The Rule of St Benedict

Saint Benedict in his rule synthesized the monastic customs of his time. His three pillars for the monastic life are the Opus Dei (Divine Office), Lectio Divina and Work even though he also legislated for people who could not read, providing for them by community reading. He recommends that everything be done per ducatum Evangelii (with the Gospel to lead).

He orders that the novice should truly seek God Ut reverum Deum quaerat and where can he be found if not in his Word since this Word ‘is all and is in all’ (Col 3:11)? Saint Benedict wishes that ‘God be glorified in all things’ ut in omnibus glorificatur Deus (RB 57:9, 1Pet 4:11). But God must be found first in before he can be glorified. As the poet wrote, there are, ‘sermons in stones, books in the running brooks and good in everything.’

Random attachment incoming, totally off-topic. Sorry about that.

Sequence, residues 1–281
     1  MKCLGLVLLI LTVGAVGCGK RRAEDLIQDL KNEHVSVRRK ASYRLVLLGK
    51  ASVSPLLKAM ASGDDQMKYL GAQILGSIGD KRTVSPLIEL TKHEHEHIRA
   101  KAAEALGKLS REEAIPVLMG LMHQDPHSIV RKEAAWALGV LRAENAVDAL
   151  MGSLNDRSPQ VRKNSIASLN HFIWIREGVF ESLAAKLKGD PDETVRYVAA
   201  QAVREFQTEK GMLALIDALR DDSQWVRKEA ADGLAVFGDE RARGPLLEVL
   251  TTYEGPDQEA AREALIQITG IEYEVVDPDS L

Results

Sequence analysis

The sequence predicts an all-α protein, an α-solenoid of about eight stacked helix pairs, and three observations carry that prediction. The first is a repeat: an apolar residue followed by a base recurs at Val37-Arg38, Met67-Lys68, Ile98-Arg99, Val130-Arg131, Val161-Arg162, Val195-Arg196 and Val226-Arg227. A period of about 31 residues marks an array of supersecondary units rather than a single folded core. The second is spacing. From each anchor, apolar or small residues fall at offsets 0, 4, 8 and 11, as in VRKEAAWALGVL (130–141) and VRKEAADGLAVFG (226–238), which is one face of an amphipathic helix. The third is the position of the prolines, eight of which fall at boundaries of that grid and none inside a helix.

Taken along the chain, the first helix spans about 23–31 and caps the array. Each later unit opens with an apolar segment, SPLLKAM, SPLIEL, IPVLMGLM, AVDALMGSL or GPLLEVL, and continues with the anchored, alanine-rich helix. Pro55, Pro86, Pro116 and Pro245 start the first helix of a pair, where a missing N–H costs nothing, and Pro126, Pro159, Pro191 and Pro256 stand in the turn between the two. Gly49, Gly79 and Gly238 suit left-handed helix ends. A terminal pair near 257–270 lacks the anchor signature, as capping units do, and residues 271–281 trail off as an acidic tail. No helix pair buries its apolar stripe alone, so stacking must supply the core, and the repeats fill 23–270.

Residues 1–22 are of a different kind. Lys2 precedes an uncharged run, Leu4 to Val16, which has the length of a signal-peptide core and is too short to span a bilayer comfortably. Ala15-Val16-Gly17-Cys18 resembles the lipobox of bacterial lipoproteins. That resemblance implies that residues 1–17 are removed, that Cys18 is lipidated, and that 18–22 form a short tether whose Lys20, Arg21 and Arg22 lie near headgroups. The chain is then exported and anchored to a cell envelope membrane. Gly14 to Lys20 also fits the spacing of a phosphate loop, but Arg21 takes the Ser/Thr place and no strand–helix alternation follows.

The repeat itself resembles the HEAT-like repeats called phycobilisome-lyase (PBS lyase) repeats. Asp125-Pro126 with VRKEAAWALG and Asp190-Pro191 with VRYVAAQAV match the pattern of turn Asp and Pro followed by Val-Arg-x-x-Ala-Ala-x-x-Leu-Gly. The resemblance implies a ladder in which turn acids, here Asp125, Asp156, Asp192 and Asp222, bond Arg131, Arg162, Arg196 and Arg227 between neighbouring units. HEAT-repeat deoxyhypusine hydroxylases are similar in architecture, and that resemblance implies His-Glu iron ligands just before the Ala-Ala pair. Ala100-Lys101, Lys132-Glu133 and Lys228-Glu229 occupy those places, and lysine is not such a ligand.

St Benedict legislated for about 4-5 hours every day for each of his three main exercises. He recommends early morning reading and was practical enough to realize the some people would find it difficult and would have to be encouraged to keep at it. (RB 48) Reading was done in the cells or in the cloisters, in the church, refectory and chapter room and even in the dormitory though Benedict warns readers not to disturb others.

This was one of the reasons for the monastery being a house of silence for it was a house of reading and prayer. When done in the cloister the northern cloister running parallel to the church was usually the reading cloister as it got most sun and was thus brighter and warmer. Bookstands and reading pulpits are features of all monastic architecture and good acoustics were required in all monastic spaces.